Buzz Aldrin, one of the first men to walk on the moon, was safely evacuated from the South Pole, the U.S. National Science Foundation said December 1.
The agency, which runs the U.S. Amundsen-Scott South Pole research station, transported the ailing 86-year-old Apollo 11 astronaut on a military flight to McMurdo Station on the coast and then on to New Zealand.
“The plane carrying Buzz Aldrin out of Antarctica has reached Christchurch, New Zealand,” Peter West, a spokesperson for NSF, said in an email.
“Upon arrival in Christchurch, the Antarctic program’s logistics hub in New Zealand, Aldrin was transferred to a local medical facility,” West says.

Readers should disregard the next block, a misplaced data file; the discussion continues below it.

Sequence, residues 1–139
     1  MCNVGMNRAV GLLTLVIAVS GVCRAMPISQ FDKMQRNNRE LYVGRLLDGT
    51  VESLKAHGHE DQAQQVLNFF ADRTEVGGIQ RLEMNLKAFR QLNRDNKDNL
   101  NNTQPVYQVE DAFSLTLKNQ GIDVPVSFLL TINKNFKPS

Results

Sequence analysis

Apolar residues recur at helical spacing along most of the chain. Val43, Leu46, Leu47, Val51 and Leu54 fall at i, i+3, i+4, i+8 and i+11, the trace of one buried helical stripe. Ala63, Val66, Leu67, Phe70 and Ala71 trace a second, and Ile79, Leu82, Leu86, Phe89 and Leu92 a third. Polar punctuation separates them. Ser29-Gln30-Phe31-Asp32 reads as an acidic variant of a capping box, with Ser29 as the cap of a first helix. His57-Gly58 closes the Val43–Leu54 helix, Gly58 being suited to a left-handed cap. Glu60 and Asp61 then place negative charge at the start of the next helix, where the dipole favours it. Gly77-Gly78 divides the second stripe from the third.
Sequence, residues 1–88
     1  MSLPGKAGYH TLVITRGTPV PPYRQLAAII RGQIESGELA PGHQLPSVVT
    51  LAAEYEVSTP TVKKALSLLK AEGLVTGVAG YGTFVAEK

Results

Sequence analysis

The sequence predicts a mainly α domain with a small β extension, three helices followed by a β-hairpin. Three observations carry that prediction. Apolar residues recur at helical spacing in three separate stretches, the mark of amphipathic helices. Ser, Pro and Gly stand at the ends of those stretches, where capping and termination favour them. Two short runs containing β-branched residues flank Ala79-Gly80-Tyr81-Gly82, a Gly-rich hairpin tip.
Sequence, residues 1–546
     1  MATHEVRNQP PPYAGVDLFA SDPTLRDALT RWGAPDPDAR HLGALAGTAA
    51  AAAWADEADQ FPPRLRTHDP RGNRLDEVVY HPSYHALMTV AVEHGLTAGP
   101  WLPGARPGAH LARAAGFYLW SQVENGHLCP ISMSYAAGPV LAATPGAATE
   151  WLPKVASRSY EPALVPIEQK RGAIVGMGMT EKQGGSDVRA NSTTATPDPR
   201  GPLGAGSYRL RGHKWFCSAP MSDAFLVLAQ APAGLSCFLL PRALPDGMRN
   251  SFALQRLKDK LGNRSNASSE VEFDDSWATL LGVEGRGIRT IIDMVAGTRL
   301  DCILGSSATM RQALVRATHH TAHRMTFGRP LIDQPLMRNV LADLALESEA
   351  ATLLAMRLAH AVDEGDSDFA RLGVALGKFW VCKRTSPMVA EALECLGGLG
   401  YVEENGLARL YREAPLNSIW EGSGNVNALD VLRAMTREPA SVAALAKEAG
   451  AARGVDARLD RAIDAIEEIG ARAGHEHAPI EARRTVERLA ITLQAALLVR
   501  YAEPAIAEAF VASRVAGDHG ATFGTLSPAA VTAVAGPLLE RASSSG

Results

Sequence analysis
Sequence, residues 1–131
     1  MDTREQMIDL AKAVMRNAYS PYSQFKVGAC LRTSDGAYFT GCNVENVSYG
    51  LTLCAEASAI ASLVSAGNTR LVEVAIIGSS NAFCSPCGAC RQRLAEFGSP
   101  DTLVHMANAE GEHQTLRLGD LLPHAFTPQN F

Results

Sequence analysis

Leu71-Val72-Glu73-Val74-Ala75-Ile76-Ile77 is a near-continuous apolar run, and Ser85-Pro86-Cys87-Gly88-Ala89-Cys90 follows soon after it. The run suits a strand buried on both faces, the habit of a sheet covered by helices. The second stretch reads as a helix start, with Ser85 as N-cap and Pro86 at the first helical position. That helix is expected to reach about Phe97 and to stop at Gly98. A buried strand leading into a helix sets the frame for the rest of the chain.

The coldest and driest place on Earth, the South Pole is an extreme location that’s incredibly hard on the human body. The miles-thick ice sheet at the Pole sits at an altitude of almost 10,000 feet, which feels more like 12,000 feet because of the low air pressure and arid polar atmosphere. (Journey to the harsh wilderness of in the new National Geographic channel show Continent 7.)